Mishkenot Sha’ananim is a tranquil neighborhood opposite the Jerusalem’s old city. It is the first Jewish neighborhood built outside the old city and it preserved its special character to this day.
History of Mishkenot Sha’nanim
Mishkenot Sha’ananim was funded by the Jewish philanthropist Yehudah Touro, a wealthy Jewish merchant from New-Orleans. He bequeathed in his will $60,000 for the Jews of the Holy Land, to be executed by Sir Moshe Montefiore. Montefiore wanted to form a new and modern neighborhood for the Jews of Jerusalem who were living at the time in the poorly maintained and overcrowded Jewish Quarter. Completed in 1860, Mishkenot Sha’ananim was designed as two parallel buildings, and a flourmill above, providing bread, and work, for the new community. Despite the conditions, only a few families moved in, and only after a plague hit Jerusalem, in 1865, more were convinced to join. By the beginning of the 20th century there were 11 new Jewish neighborhoods outside the Old City, laying the foundation of today’s western Jerusalem.
In 1948 Mishkenot Sha’ananim was abandoned as it faced the border with Jordan, and its citizens were exposed to Jordanian snipers. After the Six Days War, in 1967, Jerusalem was united again, now under Israeli rule, and Mishkenot Sha’ananim underwent a successful conservation project.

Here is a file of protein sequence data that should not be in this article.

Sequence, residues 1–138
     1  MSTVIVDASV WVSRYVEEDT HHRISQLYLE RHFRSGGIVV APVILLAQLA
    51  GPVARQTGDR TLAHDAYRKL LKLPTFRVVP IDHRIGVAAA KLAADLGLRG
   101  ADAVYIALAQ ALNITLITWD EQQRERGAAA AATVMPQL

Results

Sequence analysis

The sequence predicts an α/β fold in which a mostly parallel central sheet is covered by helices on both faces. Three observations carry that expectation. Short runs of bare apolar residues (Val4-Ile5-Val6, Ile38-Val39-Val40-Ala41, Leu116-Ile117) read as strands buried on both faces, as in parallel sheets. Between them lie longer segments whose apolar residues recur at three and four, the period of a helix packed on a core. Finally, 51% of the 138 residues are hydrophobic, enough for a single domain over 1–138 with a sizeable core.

Touring Mishkenot Sha’ananim
Today Mishkenot Sha’ananim houses the Jerusalem Music Center and an upscale guest house, reserved for guests of the municipality and the state of Israel. Its trademark, the windmill, has been restored and runs now again.
It’s neighboring quarter, Yemin Moshe, is a quaint neighborhood as well. Founded in 1892, it was designed as parallel rows of stone-built homes and cobbled alleys. Preserving its original design and character, Yemin Moshe is well worth combining in a visit to Mishkenot Sha’ananim.
For a full appreciation of the Mishkenot Sha’ananim and Yemin Moshe, it is recommended to combine it in a guided day tour of Jerusalem.